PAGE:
So, is it fair to say that I am "BUILDING MUSCLE" or am I simply "Getting stronger but not building any muscle"?

    I am asking a serious question here since so many of you are the pro's. It is hard to wrap my head around the idea that I am not building muscle yet am gradually increasing the amount of weight that I am able to lift. It makes me wonder if I should 'take the red pill or the blue pill'.....
    In a deficit, possible but not likely. I'm 53 and have been lifting since I was 19. Unless I "enhance" my hormones, even with the perfect nutrition, rest, training, etc., it would be unlikely that I'd gain any more muscle even in surplus. While it's different from person to person, testosterone levels do reduce as you age. And it's needed for anabolic process for muscle building. Hence that's why many older males consider it (HRT) to sustain gains they've gotten for years. I haven't gone that route (yet?), but a client of mine has and in 6 weeks, he's looking pretty amazing for his age.

    A.C.E. Certified Personal and Group Fitness Trainer
    IDEA Fitness member
    Kickboxing Certified Instructor
    Been in fitness for 30 years and have studied kinesiology and nutrition

    9285851.png



    edited February 16
  • donjtomascodonjtomasco Posts: 604Member Member Posts: 604Member Member
    I would enjoy knowing if he has suffered any of the minor or major side effects that I have read about HRT. I am not sure that many men would discuss this though. I will stick to the working out and accept natural aging until there are some pretty concrete studies that tell us more. This was very interesting though. Thank you.
  • ninerbuffninerbuff Posts: 39,017Member Member Posts: 39,017Member Member
    I would enjoy knowing if he has suffered any of the minor or major side effects that I have read about HRT. I am not sure that many men would discuss this though. I will stick to the working out and accept natural aging until there are some pretty concrete studies that tell us more. This was very interesting though. Thank you.
    His dosage is quite low, so so far he hasn't had any side effects he's read about. But his bench, squat, and OHP have all increased as well as muscle mass. He is in a slight surplus though. He's gained 10lbs, but looks like he gained 20lbs.

    A.C.E. Certified Personal and Group Fitness Trainer
    IDEA Fitness member
    Kickboxing Certified Instructor
    Been in fitness for 30 years and have studied kinesiology and nutrition

    9285851.png

  • donjtomascodonjtomasco Posts: 604Member Member Posts: 604Member Member
    Some of the side effects (my limited reading about it) seems to have some of the same side effects as taking steroids. Maybe they are similar. This is interesting to hear about your client though and that it seems to be working for him.
  • ninerbuffninerbuff Posts: 39,017Member Member Posts: 39,017Member Member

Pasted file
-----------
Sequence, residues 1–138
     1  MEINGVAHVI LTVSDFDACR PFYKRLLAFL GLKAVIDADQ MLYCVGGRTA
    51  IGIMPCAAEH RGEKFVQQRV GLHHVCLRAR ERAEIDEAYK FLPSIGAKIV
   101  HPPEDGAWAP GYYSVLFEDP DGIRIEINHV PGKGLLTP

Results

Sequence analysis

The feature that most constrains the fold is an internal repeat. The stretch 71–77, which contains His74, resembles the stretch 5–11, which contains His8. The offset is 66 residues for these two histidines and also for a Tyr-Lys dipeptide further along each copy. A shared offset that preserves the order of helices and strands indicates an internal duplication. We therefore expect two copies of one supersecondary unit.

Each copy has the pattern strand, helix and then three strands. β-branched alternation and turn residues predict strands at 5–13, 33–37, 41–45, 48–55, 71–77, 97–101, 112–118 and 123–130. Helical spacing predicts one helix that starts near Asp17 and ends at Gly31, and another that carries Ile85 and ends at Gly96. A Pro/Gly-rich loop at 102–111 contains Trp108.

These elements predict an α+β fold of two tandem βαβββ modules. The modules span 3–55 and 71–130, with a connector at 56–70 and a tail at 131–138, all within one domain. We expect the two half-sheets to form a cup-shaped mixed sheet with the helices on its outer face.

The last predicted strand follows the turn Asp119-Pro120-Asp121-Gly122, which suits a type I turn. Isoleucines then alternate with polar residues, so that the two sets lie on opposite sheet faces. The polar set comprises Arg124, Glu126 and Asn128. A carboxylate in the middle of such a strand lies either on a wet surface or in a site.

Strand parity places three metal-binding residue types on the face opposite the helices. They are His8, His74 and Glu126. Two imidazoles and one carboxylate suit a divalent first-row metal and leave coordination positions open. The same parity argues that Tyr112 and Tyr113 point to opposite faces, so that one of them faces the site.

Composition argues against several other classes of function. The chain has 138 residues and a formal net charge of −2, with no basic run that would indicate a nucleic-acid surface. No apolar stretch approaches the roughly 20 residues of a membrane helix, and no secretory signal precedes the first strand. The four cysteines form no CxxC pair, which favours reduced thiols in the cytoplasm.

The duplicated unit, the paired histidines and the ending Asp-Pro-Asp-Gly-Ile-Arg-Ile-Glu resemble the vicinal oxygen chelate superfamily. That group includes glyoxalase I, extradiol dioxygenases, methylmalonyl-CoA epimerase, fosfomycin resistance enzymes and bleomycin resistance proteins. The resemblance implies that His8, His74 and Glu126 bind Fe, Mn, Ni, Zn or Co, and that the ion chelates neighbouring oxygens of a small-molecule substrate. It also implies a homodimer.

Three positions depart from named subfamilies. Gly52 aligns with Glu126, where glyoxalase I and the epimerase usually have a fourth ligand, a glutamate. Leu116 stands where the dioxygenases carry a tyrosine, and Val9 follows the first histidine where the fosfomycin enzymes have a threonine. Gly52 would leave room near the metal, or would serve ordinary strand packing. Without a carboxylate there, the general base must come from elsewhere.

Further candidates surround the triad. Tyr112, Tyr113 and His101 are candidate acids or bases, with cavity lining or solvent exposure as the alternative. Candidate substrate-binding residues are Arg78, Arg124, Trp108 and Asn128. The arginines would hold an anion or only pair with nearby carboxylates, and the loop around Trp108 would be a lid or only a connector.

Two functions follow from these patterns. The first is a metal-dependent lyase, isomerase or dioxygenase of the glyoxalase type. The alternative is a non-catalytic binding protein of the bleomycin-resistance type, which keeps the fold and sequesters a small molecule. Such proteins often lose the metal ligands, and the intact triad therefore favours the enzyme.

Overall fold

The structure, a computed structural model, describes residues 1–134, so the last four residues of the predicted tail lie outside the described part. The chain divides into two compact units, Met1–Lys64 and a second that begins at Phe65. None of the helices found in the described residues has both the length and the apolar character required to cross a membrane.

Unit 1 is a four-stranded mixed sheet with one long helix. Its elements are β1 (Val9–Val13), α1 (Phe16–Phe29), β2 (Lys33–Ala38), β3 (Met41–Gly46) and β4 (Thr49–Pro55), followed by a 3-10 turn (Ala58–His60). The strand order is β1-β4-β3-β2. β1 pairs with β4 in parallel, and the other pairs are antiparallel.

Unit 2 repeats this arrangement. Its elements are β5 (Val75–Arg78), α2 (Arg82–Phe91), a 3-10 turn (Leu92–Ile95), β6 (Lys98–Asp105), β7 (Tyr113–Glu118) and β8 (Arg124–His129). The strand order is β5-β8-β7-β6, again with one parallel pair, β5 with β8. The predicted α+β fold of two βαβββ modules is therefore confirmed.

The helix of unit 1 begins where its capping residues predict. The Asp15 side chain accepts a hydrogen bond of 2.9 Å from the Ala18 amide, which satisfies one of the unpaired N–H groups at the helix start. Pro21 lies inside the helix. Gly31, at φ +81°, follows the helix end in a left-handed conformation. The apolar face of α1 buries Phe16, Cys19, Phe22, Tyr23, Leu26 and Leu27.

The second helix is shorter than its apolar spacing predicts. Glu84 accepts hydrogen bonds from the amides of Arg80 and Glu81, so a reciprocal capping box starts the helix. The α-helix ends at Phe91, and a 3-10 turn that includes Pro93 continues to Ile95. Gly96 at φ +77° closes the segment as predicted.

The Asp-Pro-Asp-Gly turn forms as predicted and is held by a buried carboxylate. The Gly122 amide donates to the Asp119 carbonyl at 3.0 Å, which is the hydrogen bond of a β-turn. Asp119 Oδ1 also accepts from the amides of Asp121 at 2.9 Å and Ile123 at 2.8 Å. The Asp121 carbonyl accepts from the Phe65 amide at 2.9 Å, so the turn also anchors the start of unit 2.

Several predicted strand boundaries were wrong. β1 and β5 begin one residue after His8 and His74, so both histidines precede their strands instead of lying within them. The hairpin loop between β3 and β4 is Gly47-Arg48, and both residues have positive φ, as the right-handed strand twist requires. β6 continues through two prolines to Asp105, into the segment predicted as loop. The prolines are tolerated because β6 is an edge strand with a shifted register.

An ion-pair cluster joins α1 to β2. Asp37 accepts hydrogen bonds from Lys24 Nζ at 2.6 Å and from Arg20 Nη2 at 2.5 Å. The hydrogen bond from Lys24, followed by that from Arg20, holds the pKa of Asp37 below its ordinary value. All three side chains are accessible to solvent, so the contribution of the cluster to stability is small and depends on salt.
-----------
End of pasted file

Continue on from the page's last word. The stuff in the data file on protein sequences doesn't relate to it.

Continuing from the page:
Some of the side effects (my limited reading about it) seems to have some of the same side effects as taking steroids. Maybe they are similar. This is interesting to hear about your client though and that it seems to be working for him.
    Well it is testosterone. Most bad side effects happen with high dosages over a long period of time with continual use. He chose only low dose because he didn't want to get really big. He just wanted to add a little more muscle.

    A.C.E. Certified Personal and Group Fitness Trainer
    IDEA Fitness member
    Kickboxing Certified Instructor
    Been in fitness for 30 years and have studied kinesiology and nutrition

    9285851.png

  • trigden1991trigden1991 Posts: 4,166Member Member Posts: 4,166Member Member
    Some of the side effects (my limited reading about it) seems to have some of the same side effects as taking steroids. Maybe they are similar. This is interesting to hear about your client though and that it seems to be working for him.

    The side effects of testosterone especially at HRT levels are massively exaggerated............ apparently.


    If your natural levels are lacking then even an extremely low dose <100mg/week will boost your levels to higher than is naturally possible.
  • donjtomascodonjtomasco Posts: 604Member Member Posts: 604Member Member
    I actually had my testosterone checked last year when I was consistently tired and I was fine. Pretty sure was just 'life' and the hip wearing me out pre surgery.
  • psuLemonpsuLemon Posts: 27,819Member, MFP Moderator, Greeter, Premium MFP Moderator Posts: 27,819Member, MFP Moderator, Greeter, Premium MFP Moderator
    I actually had my testosterone checked last year when I was consistently tired and I was fine. Pretty sure was just 'life' and the hip wearing me out pre surgery.

    Did you check any other vitamin/mineral deficiencies?
  • dvannetzeldvannetzel Posts: 8Member Member Posts: 8Member Member
    And be aware side effects of HRT. But also effects of a low testosterone. I think too much of anything is bad. But in moderation could and should be ideal for you. Also, if you overdue cardio, it will be hard to add any chances of additional muscle mass. That's my 2 cents.
  • Carlos_421Carlos_421 Posts: 3,838Member Member Posts: 3,838Member Member
    SideSteel wrote: »
    I have two main points in response to your post: